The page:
Not to worry God sent ANOTHER to make sure I could get back on the road.  This time his name was Chris Jones, owner of Jones Performance Cycles in Chiefland.  He was just passing through and saw our predicament.  "Need any help?"  "Hey man, thanks for stopping.  We might, got the tire plugged, but compressor won't work."  Here let me get mine out."  "You carry one around in your truck?"  "Yeah doesn't everybody," he said laughing.

His compressor was the same, no power, but if you juked the socket it would come on.  "I'm thinking Mac's outlet is no good, here lemme put it straight on the battery."  Mac popped the hood and Chris held the connection down while I connected the valves, quickly the tire was airing up.  "If it doesn't hold I have a tire back at the shop, correct size, but its a Dunlop."  "Well if I need to I'll go that route."

We chatted about a few things while the Roadtech aired up.  Chris asked me, "How do ya like that Arai?"  "I love it, I only wear Arai's, quiet and comfortable."  "Yeah I have a Shoei, but I don't like it, too noisy on the drag bikes."  "Brother I dunno how ya find a quiet helmet at 170 mph, but I can recommend Arai."

The tire finished airing up, and I loaded the RT back up and rolled off the stand.  The plug passed the first test with flying colors.  "Take that compressor with ya, in case it goes down again."  "You're too kind, I can't do that,"  "don't worry about I only gave about 10 dollars for it, buy me lunch next time you come through this way."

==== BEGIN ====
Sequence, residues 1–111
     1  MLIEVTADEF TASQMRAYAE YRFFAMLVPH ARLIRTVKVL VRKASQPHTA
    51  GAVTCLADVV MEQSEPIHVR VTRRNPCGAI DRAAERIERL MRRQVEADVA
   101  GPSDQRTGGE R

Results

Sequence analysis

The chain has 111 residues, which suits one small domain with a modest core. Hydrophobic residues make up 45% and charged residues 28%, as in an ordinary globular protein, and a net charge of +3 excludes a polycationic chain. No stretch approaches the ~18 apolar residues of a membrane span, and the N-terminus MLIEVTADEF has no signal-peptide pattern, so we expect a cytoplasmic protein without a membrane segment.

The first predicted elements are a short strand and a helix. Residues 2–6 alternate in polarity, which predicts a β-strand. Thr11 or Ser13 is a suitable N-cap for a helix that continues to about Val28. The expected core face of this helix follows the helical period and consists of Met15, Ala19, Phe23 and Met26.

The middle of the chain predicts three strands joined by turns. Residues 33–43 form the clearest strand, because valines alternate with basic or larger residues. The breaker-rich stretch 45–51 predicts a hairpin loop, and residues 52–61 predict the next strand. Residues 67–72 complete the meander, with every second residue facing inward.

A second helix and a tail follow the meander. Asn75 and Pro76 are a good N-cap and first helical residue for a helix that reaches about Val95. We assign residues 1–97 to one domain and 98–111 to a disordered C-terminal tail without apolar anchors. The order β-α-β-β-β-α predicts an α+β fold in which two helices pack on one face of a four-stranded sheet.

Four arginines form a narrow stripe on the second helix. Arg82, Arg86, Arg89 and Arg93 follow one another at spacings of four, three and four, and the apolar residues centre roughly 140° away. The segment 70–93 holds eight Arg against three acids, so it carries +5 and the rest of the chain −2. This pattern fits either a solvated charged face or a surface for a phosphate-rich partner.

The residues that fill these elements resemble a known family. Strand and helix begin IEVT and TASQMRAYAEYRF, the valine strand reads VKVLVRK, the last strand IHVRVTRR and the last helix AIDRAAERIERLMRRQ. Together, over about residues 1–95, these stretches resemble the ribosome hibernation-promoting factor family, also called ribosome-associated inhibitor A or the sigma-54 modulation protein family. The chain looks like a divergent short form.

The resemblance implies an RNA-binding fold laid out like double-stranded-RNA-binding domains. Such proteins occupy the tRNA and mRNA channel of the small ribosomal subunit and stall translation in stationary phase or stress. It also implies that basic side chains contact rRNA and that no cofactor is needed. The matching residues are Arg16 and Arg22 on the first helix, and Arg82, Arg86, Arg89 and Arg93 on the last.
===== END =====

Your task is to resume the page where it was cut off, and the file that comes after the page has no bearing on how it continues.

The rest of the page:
I shook everyone's hand.  "Y'all are too kind, if you ever need anything up my way, you know how to find me," as I gave each one my card.  Mac said, "Ride safe."  "I will, thank you."

Please, when ever you see a Long Rider on the side of the road, check on him.  I always make a practice of doing that, and on this day it was given back to me many times over.  Mac and Chris were a real help.  The Lord is not kidding when he says you get back what you give.  There is no other way to explain how TWO, highly qualified guys, just happened to turn up in the middle of some small out of the way Panhandle town to make sure I got back on the road.  No way am I that lucky.

About 30 minutes after taking to the side, I was back on my way.  I started off cautiously, but gained confidence in just a few miles.  "This tire only has 2k on it, I'm gonna ride this plug, till  1) it fails, or 2) tire wears out."  Like Freestyle told me, "worst thing that could happen goes flat again."

Not even a flat tire could ruin such a beautiful day.  I was on a ride, seeing the land, and on my way to one of my favorite spots in the Country; The beaches of Destin, Florida to spend time with my family.  Doesn't get any better.
In Parry, U.S. 98 veered west and I followed it into the Panhandle.  The riding was kind of bland, but hey, I wasn't complaining.   I skirted around Tallahassee by using this highway.